Logo of Phnom Penh Post newspaper Phnom Penh Post - Landmines causing havoc on northern battlefields




Landmines causing havoc on northern battlefields

Landmines causing havoc on northern battlefields

W AR victims are filling the rancid, fly-blown wards and hallways of the Military

hospital in Phnom Penh.

The lucky ones have family to dress their wounds and bathe them in the toilet

block or from water drums outside.

Most of the patients are amputees, or soon will be. Most still wear their

soldier's uniform.

Hospital director Kao Try said there were 714 injured soldiers in the 500-bed

hospital, 60 or 70 per cent of them amputees. The numbers had risen sharply over

the last few weeks. On average, one out of every hundred will die under the

knife.

The wounded were in the capital because the provincial hospitals lacked staff

and supplies, he said.

Their stories pinpoint the current "hot-spots" more

thoroughly than any governmental briefing: Preah Vihear, Battambang, Anlong

Veng, Kulen, Siem Reap.

Som Sary, 32, was ordered to Preah Vihear with 150 comrades from Stung Treng

in December. On Feb. 12 he was asked to head a demining team - with no hi-tech

equipment, just bamboo "feeling" rods - after his company had been cut off. He

lost his right leg that same day.

"It is a very bad situation," he said of Preah Vihear. "There are many mines,

so many mines. Many soldiers don't want to fight. Some have run away."

Sary described an area saturated by mines and crude but effective body traps,

with KP making quick, demoralizing attacks after mines had been detonated. "Many

soldiers have had accidents with mines."

Seng Sok, 28, lay on the hallway,

his right leg missing to the knee from a mine in Som Rorng district, Siem

Reap.

He said the Khmer Rouge strategy was to divide into small hit-and-run groups.

New mines and booby traps were prevalent.

"Sometimes, we fight three or four times a day against the KR. I know it is

very dangerous but I have no excuse because it is my duty."

Sok said he was transported by helicopter to the Phnom Penh because the

provincial hospital had no medicines, but he was being treated poorly in the

Phnom Penh hospital.

"I haven't got any bottles of serum. They said I am still strong enough, that

I don't need serum or vitamin."

But he smiled when he said there was enough hospital food, which was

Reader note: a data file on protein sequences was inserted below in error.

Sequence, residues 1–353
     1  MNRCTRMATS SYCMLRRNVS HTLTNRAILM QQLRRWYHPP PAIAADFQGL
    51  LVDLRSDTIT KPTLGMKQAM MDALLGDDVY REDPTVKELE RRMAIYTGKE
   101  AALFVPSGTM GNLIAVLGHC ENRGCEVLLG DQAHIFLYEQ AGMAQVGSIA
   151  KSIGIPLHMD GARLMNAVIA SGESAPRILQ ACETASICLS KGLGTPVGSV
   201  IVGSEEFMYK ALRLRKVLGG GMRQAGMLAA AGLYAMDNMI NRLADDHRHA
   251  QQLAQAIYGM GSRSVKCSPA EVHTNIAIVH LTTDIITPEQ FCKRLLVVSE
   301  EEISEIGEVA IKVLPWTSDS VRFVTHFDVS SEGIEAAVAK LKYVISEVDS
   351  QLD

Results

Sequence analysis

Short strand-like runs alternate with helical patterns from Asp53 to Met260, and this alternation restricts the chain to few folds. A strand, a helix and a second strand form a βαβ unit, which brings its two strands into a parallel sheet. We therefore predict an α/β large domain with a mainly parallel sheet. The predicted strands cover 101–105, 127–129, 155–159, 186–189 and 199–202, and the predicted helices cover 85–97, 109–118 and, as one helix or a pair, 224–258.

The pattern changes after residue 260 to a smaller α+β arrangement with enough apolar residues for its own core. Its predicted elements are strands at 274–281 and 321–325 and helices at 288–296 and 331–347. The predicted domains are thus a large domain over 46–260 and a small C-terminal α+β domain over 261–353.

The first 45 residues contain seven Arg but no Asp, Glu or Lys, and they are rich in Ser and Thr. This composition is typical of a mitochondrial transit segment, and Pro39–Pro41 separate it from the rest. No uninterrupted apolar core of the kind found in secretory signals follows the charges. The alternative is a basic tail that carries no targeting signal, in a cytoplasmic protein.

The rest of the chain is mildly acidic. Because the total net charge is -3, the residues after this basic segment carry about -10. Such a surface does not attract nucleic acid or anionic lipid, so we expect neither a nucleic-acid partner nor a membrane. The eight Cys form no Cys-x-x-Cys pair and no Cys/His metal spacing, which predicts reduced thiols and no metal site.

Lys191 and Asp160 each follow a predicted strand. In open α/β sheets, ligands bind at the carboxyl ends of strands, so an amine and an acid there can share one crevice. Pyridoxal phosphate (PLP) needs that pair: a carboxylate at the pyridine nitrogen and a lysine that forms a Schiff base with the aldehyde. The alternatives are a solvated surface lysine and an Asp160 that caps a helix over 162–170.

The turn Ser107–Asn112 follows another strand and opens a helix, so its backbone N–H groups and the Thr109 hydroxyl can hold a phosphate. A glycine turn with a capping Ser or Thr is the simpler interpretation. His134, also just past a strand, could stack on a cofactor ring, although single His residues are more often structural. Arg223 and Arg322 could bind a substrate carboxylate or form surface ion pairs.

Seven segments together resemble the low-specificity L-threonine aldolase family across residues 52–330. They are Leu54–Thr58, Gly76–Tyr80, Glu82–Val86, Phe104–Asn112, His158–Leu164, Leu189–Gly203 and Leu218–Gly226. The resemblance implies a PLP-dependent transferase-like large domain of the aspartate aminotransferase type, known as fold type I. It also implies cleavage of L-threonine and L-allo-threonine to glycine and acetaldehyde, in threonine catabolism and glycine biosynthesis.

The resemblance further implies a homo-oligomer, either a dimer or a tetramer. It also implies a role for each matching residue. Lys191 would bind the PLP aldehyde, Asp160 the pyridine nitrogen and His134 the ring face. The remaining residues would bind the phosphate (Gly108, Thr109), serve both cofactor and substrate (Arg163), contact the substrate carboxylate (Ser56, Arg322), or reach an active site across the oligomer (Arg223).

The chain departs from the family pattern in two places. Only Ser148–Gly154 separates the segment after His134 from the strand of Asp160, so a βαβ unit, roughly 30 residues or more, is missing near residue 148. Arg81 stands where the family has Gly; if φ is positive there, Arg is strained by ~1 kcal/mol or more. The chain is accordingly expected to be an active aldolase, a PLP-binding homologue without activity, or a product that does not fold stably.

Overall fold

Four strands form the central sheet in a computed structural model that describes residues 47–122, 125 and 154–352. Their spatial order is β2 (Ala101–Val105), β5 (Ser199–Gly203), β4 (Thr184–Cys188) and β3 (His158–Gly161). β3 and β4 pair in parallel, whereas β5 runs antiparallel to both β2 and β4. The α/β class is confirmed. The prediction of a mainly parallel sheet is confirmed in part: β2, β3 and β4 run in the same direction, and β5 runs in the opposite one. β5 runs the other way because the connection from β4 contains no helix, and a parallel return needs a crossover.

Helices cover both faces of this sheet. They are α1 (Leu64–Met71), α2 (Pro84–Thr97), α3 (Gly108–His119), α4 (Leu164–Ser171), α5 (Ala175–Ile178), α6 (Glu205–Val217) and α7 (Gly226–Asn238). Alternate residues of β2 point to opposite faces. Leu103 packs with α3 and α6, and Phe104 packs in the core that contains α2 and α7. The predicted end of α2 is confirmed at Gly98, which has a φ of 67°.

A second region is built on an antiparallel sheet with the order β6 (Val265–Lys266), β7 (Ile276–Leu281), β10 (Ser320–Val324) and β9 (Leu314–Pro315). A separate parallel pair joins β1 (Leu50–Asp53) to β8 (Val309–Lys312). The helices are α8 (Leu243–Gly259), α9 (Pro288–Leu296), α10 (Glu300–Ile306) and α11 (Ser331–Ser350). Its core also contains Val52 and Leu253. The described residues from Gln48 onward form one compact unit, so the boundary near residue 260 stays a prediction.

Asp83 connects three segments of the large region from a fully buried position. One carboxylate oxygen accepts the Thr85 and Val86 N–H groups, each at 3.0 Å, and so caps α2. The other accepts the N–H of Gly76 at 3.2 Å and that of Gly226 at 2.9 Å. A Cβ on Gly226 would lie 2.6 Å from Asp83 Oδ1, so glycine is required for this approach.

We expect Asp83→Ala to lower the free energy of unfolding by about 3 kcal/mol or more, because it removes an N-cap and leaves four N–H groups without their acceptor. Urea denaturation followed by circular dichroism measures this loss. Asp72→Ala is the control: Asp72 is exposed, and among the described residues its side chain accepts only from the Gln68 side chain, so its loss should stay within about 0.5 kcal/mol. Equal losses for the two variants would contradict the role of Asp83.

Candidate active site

different from the battlefield.

Dr Try said there was no bilateral or NGO

assistance for the military hospital.

The hospital only had antibiotics and bandages, but very few anti-malarial

medicines.

One soldier gave the Post a letter saying that some hospital staff asked for

money.

Dr Try said that he had never asked a soldier to pay money. "I don't think

our staff asked any patients for money. If I found out, I would free them from

their jobs immediately."

Try told the Post that Price Norodom Ranariddh has pledge $1 million from the

military budget to equip the hospital with modern equipment and techniques.

MOST VIEWED

  • Tourists urged not to skip trip

    The Ministry of Tourism has called on international tourists not to cancel trips to Cambodia, but urged them to adhere to several dos and don’ts when arriving in the Kingdom during the Covid-19 pandemic. The ministry released an eight-point instruction manual on Wednesday published

  • The taxman cometh – Cambodia’s capital gains tax casts the net on individual taxpayers

    In a country where only limited personal income tax existed, the new taxation law beginning January 1, 2021, will make taxpayers out of Cambodians, whether they are ready for it or not About two years ago, a little known amendment was made to Article 7 of the Law

  • Cambodian-American gets Star Trek treatment

    Kevin Ung, a Cambodian-American whose family escaped genocide during the Khmer Rouge’s reign of terror, was recently selected from thousands of applicants to participate in the Television Academy Foundation’s inaugural 2020 Star Trek Command Training Programme, a course intended to give hands-on filmmaking experience

  • Cambodia seeks to be transport hub

    Cambodia is working on several fronts to modernise its transport infrastructure and services, concentrating on opening new international gates to relieve and balance traffic congestion at its borders, Minister of Public Works and Transport Sun Chanthol said on Thursday. This is part of the Kingdom’

  • PM: West unfair to Cambodia

    Prime Minister Hun Sen released a message celebrating the International Day of Peace on Monday, saying that some major powers and western countries had been systemically cooperating to put political pressure on Cambodia as they did in the 1970s and 1980s. Hun Sen said pressuring

  • First ‘mobile kitchen’ in Cambodia enters service

    A catering company recently rolled out Cambodia’s first “mobile kitchen” – a $50,000 container capable of serving up to 200 people at a time. The kitchen is the brainchild of Seng Hok Heng Catering Services. At 4.4m-high, 6.8m-long and 2.4m-wide (expandable to 6.8m), the kitchen is equipped